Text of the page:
Here's a new reason to look forward to the switch back to standard time Sunday morning: it may lower your chance of suffering a heart attack.
Heart attacks decrease by 5 percent the first Monday after the time change, and by 1.5 percent over that week, according to an analysis in this week's New England Journal of Medicine. The findings are based on 20 years of data from a Swedish registry of nine million residents.
The springtime transition to daylight saving time poses more of a health hazard: Heart attacks increase by 5 percent over the first week after clocks are pushed back an hour, spiking by 10 percent on that Tuesday, epidemiologists at the Karolinska Institute in Stockholm found.
The reasons aren't clear, but study co-author Imre Janszky suspects that changes in sleep may play a role. Although there is little data on the cardiovascular effects of the kind of short-term sleep deprivation that occurs over the average five days it takes to adjust to moving clocks ahead in spring, chronic sleep deprivation is associated with increases in blood pressure, heart rate, blood clotting, and C-reactive protein, a marker of inflammation associated with deadly heart attacks, Janszky says.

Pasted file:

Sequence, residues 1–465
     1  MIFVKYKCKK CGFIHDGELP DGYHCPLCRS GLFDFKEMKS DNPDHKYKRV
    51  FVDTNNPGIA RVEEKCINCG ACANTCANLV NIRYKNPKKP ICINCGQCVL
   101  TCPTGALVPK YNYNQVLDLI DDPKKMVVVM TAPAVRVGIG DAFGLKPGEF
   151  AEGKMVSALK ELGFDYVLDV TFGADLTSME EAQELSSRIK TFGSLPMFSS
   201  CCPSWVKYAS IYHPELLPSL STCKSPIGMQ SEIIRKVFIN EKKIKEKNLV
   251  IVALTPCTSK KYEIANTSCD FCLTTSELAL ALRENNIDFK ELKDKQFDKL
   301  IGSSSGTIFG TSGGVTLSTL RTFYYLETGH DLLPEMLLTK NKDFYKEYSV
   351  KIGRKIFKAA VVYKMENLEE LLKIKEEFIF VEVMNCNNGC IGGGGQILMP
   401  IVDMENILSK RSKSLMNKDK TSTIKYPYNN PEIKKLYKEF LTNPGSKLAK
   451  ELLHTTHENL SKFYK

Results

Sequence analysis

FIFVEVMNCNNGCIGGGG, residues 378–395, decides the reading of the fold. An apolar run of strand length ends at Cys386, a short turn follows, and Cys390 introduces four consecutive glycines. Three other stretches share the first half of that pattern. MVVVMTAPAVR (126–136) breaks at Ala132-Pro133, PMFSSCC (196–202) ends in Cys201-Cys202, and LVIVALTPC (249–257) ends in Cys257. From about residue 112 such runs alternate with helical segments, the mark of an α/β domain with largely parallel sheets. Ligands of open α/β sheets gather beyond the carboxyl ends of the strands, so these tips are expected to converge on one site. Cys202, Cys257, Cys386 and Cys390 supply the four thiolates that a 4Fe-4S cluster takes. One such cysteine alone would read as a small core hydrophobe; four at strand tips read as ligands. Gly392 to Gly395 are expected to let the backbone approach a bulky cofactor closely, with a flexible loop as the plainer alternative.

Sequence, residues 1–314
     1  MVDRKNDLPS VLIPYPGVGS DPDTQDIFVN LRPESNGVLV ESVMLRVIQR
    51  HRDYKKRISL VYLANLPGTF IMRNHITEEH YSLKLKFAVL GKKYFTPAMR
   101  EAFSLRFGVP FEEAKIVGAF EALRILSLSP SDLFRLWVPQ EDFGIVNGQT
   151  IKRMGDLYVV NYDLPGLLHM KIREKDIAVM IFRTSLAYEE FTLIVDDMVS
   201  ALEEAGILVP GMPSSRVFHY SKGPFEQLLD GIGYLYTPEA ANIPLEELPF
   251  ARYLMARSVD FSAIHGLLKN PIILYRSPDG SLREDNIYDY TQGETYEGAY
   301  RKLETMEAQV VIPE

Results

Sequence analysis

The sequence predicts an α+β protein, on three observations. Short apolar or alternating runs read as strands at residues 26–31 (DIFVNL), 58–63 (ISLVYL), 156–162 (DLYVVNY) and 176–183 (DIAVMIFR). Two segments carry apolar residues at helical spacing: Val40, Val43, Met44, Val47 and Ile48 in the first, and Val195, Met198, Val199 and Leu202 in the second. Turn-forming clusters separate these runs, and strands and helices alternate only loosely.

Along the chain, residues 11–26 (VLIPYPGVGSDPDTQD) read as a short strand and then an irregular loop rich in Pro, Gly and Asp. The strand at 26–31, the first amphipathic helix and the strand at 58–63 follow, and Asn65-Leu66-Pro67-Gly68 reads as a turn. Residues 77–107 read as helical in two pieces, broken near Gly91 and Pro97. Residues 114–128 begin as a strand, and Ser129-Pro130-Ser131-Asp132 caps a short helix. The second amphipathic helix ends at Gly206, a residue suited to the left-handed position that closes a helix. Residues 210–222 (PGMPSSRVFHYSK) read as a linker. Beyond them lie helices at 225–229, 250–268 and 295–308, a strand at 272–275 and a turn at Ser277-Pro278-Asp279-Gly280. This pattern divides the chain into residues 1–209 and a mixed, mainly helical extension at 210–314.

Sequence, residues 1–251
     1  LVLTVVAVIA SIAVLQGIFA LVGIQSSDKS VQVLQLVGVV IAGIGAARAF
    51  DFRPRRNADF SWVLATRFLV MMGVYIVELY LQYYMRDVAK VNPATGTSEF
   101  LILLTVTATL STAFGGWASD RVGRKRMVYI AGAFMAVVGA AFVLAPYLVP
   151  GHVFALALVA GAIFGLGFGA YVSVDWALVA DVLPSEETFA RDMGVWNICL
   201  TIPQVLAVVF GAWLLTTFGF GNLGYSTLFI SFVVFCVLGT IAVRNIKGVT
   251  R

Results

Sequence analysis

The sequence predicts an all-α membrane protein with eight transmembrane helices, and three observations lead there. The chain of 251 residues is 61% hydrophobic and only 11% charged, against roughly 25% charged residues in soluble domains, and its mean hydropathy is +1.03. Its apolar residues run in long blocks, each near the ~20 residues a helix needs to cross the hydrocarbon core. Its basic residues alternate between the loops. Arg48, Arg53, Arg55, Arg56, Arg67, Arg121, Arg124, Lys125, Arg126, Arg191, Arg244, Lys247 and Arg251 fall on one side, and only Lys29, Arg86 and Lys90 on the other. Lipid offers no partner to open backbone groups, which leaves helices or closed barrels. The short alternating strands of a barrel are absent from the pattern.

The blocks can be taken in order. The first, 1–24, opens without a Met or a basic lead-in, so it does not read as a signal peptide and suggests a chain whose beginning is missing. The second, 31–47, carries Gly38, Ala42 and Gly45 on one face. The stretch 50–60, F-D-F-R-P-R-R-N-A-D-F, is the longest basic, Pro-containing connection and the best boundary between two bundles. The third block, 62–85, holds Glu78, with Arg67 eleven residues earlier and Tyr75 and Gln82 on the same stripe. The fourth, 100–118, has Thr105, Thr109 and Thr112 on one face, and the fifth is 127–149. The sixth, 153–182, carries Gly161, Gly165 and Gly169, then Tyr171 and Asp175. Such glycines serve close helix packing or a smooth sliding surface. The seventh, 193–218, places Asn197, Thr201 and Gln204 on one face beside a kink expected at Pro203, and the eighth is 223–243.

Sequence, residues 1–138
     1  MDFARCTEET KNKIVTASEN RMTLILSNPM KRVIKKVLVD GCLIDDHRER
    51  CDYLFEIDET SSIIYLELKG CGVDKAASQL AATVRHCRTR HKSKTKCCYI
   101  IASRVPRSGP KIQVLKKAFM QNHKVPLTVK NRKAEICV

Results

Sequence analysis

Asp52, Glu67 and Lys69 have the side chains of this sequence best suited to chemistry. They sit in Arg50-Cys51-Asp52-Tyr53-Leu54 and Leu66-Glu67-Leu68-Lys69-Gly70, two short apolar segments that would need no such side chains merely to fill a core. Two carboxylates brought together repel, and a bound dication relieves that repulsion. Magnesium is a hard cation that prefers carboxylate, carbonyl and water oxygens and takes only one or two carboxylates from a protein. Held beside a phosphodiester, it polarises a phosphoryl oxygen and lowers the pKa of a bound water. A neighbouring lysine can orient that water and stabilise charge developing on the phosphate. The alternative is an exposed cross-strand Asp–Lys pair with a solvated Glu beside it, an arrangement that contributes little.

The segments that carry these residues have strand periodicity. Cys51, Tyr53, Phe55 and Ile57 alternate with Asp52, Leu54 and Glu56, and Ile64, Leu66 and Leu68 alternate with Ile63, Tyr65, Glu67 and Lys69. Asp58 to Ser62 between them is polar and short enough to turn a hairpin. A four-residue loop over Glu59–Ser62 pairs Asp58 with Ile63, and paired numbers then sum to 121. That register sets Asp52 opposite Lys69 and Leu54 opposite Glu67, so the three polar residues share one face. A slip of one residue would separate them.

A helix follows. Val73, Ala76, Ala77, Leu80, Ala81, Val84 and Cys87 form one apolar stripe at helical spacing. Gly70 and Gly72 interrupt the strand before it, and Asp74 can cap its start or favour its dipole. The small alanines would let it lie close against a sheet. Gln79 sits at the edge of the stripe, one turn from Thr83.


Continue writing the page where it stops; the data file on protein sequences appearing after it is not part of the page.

The time clock transition causes "a complex disruption of our body rhythms," Janszky says, "so there are plausible reasons for sleep deprivation as a trigger for heart attack."
One more reason to suspect sleep deprivation as a culprit: the incidence of heart attacks shifted around the time change only among Swedes under 65, the official retirement age there. Research published in 2005 by Dutch scientists showed that heart attacks are more common on Mondays, possibly because of the stress of beginning the work week—and the readjustment to getting up early.
"Our results suggest that this shortness of sleep contributes to the increased risk on Monday—except for that Monday [after the switch to standard time] when we have that extra hour we can use for sleep," Janszky says.
(Image by iStockphoto/Lisa Gagne)